In 2016 the PAS conference discussed “Can Detectorists be Archaeologists“. Someone should have stood up and said ” “Yes of course they can – but only if they act like archaeologists, not like responsible detectorists.” But no-one did, which is a mark of the stranglehold of Britain’s metal detecting policy.  Still, I intend to present all the above analysis, uninvited, at next year’s PAS Conference in the form of a truth haiku. Book now to avoid disappointment.

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.                                Responsible? Yes
 .                               But never sustainable.
 .                               So laudable? No.

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A PAS employee has said one of our recent articles is “fake news”, “a sham”, “click bait” and “full of half-truths and outright lies”. Wow, we beg to differ (it’s here, if you’d like to decide for yourself).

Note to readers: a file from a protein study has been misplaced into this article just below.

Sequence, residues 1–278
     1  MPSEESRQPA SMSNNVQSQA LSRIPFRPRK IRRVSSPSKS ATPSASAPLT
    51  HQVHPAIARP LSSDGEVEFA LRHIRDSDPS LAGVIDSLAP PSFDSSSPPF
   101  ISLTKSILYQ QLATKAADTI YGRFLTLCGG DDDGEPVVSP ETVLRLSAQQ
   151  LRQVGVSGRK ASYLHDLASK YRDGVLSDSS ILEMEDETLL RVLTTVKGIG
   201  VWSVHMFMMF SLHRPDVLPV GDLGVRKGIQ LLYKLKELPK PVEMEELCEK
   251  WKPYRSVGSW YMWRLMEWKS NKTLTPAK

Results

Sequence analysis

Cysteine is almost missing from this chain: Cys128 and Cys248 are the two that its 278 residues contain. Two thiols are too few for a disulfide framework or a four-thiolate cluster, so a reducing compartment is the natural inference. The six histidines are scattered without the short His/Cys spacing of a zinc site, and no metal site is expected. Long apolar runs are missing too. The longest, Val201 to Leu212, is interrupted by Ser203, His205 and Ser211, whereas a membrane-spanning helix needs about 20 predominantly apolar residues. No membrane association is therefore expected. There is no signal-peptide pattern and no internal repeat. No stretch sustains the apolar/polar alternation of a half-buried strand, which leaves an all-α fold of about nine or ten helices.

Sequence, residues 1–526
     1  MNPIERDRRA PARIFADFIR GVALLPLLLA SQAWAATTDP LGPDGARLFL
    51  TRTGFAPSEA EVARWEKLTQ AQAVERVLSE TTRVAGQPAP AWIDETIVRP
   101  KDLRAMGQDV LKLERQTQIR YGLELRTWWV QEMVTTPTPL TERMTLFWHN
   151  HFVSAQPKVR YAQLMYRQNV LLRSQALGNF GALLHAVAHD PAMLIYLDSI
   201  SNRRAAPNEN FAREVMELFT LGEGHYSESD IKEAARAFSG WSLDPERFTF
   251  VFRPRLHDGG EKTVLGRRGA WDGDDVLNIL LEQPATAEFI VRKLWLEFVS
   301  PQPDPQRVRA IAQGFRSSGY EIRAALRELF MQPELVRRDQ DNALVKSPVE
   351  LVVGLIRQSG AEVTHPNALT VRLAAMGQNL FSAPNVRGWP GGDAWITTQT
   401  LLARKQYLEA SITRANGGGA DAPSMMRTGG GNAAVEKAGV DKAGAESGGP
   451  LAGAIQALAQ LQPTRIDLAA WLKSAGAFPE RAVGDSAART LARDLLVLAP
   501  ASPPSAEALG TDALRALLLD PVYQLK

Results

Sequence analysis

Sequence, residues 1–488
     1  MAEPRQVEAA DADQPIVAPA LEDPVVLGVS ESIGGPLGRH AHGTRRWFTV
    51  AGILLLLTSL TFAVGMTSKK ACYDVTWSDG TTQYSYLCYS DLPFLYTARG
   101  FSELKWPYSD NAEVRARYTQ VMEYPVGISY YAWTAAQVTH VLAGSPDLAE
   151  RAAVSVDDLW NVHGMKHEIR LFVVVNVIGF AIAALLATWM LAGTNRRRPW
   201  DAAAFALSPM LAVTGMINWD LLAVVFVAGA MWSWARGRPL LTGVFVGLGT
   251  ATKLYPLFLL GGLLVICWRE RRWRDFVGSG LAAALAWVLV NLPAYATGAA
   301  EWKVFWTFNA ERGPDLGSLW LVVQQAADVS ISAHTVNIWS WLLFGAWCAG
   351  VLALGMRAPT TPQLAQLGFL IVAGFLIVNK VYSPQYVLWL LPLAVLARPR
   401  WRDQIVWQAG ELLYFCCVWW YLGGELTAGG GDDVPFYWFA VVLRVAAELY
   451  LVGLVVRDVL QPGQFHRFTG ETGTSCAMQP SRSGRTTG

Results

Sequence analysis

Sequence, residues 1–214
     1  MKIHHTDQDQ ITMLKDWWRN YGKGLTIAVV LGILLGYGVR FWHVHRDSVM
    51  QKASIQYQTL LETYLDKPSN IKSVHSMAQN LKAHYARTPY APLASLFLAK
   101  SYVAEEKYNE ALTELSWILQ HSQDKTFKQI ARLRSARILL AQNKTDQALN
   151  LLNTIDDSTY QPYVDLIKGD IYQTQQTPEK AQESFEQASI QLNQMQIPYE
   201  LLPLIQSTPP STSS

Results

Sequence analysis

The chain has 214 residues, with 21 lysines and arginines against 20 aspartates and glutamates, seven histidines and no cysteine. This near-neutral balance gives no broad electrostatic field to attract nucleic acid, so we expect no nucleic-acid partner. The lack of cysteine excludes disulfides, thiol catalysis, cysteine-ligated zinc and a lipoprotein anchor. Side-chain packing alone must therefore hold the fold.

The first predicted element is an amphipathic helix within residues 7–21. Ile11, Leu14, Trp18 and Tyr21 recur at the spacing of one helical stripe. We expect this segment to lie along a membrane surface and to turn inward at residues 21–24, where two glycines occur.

We feel PAS management has no businesss allowing such attacks on ordinary, concerned members of the public (that’s us!) who have every right to be resentful of the vast quantity of knowledge theft which lies behind the decorative PAS database. Particularly using the crude Trumpism, “fake news”. In reality we’re sincere and we’re entitled and a PAS employee shouldn’t imply otherwise.

If PAS management wishes to say we’re not sincere and not entitled let them say so. And if they wish to say we’re wrong that a vast quantity of knowledge theft lies behind their data base, let them. And let them use that specific phrase, knowledge theft. They never do. Blaggarding, it seems, is reserved for the undeserving.